What is Spine Degeneration?
Spine degeneration is typically associated with aging and primarily affects cats older than 10 years. This condition should not be confused with diskospondylitis, which is an inflammatory disease of the spine. Spondylosis deformans is not inflammatory.
Spine degeneration – known by its technical name spondylosis deformans – is a condition in which osteophytes (bone spurs) form near the edges of the backbones. This is due to the degeneration of the intervertebral discs, which protect individual vertebrae. The function of osteophytes is to restore stability to the compromised spine, and they appear alongside any degenerative spinal condition. Osteophytes may be present in one area of the spine, but can form across many vertebrae. In cats, these spurs typically form on the upper end of the spine, but can also form on the lower back.
Symptoms of Spine Degeneration in Cats
In most cases, cats with degenerating spines won’t show any symptoms unless they are in pain. This will usually occur if an osteophyte is pressing on a nerve or on the spinal cord. In any case, seek immediate veterinary attention if you notice any of the following symptoms in your older cat:
- Reduced flexibility in the spine
- Yowling when touched on the back
Causes of Spine Degeneration in Cats
The main cause of spine degeneration in cats is aging. The degeneration of intervertebral discs is usually seen as a natural part of aging. The body’s response is to form osteophytes near the affected area(s), which will help maintain spinal stability. If multiple intervertebral discs are affected, the osteophytes may form “bridges”, though this is not common in cats.
In some cases, the formation of osteophytes in the spine may occur as a result of trauma, infection, birth defects, or complications from spinal surgery. However, these specific underlying causes are generally not seen as spondylosis deformans, which is considered a secondary condition of aging.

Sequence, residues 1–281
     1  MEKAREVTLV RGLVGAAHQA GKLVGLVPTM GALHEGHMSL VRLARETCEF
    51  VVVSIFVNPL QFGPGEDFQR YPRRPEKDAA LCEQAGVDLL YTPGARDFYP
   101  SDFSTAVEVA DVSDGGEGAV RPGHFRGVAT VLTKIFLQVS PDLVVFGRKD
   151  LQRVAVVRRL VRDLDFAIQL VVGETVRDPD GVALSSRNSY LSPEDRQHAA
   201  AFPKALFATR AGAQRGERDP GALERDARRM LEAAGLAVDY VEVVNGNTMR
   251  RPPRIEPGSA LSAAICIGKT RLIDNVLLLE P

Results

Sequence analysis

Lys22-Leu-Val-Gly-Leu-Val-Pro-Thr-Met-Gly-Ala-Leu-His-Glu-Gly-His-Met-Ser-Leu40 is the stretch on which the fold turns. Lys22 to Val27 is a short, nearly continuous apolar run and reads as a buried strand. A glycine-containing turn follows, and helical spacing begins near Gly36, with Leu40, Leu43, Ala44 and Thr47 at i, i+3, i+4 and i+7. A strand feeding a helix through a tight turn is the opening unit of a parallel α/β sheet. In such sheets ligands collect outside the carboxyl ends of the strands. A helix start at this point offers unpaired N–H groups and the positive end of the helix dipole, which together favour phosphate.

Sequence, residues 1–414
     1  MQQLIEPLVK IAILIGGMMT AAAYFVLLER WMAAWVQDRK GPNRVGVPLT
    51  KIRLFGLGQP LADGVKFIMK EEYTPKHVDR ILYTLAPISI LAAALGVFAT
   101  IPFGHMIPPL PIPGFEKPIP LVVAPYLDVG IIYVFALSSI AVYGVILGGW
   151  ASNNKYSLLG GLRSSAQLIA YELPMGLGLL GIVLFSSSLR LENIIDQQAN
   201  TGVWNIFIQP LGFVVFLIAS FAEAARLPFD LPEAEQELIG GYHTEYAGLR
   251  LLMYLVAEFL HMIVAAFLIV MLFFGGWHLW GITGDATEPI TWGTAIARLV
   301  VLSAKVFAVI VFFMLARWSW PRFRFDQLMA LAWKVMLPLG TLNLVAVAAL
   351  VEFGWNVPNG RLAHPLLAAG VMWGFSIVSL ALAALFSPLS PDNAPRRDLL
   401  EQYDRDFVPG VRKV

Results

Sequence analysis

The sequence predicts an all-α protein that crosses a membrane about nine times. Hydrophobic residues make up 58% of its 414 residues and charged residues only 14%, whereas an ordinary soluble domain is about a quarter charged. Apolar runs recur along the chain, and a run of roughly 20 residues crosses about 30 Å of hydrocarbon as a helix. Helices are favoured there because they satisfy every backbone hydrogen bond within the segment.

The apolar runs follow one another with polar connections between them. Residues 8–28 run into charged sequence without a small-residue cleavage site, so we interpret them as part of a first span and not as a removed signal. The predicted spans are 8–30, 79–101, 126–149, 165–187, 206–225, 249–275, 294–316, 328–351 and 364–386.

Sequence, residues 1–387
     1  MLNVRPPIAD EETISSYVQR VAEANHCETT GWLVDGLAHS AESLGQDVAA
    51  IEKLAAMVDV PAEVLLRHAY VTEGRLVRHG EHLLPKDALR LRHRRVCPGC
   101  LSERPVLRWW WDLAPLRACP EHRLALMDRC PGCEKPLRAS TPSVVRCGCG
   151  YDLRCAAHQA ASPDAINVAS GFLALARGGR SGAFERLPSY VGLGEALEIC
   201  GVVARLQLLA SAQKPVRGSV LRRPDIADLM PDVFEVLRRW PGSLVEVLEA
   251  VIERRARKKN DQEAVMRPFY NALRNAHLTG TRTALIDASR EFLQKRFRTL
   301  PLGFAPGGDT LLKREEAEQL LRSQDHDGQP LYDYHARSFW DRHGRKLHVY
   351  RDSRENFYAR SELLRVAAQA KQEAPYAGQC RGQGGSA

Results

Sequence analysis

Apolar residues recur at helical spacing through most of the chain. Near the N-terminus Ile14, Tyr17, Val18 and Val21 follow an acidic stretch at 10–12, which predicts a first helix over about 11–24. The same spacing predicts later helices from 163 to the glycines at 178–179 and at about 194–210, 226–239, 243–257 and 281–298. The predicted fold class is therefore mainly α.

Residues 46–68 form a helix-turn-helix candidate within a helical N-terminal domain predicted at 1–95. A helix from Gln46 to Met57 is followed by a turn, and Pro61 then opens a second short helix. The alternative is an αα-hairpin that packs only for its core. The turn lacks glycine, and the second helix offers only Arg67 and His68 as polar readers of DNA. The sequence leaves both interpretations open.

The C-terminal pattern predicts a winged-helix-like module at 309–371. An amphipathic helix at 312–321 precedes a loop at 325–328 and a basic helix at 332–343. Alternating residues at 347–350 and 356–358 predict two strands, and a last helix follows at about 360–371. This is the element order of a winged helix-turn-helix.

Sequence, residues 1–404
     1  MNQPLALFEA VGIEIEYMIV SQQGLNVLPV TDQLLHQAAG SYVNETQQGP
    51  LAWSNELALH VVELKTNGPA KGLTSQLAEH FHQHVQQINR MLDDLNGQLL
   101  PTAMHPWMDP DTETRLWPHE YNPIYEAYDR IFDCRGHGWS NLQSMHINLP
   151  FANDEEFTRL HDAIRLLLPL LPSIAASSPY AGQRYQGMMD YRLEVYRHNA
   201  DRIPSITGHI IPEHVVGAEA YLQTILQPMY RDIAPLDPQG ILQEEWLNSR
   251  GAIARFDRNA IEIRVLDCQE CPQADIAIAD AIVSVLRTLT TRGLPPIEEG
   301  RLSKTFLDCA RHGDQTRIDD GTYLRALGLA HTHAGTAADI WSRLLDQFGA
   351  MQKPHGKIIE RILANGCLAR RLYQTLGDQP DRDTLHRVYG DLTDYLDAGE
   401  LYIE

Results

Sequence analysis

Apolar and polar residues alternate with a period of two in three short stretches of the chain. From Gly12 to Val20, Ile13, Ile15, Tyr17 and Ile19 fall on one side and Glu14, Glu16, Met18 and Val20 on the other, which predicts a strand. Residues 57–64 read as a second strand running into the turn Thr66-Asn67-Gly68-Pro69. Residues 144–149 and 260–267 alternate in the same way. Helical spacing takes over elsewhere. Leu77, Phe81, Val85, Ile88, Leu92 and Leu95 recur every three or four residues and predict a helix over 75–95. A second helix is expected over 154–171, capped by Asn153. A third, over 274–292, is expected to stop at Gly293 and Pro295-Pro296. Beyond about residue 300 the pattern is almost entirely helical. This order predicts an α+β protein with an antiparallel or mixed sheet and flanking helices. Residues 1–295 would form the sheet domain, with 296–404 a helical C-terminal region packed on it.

Another suspected cause of spine degeneration is an excess intake of vitamin A, a side effect of a diet comprised mainly of fresh liver. This is also associated with osteophytes that form “bridges” between vertebrae. However, not enough research has been conducted to confirm this as a cause of spine degeneration.
Diagnosis of Spine Degeneration in Cats
Since most cats affected by this spinal degeneration don’t exhibit symptoms, the vet will diagnose spine degeneration by taking an X-ray of the spine. You should inform your vet if your cat has had any previous spinal problems, including trauma or surgery.
Since osteophytes can form as a result of any spinal degenerative condition – including those that are inflammatory – the vet may need to take more than one x-ray to confirm spondylosis deformans. If your cat is experiencing extreme suffering from the condition or if your vet is unable to make a definitive diagnosis, you may be referred to an orthopedic specialist.
Treatment of Spine Degeneration in Cats
There is no completely effective treatment method for spondylosis deformans. Treatment will largely depend on whether or not your cat is experiencing pain from the condition. If there is no pain or symptoms, treatment is generally not required.
If your cat is experiencing pain, your vet may prescribe general pain relief medication, typically NSAIDs. Do not administer any over-the-counter NSAID pain relievers made for human use to your cat unless specifically instructed by your vet. If your cat is overweight or obese, your vet may recommend dietary adjustments in order to increase mobility and reduce stiffness.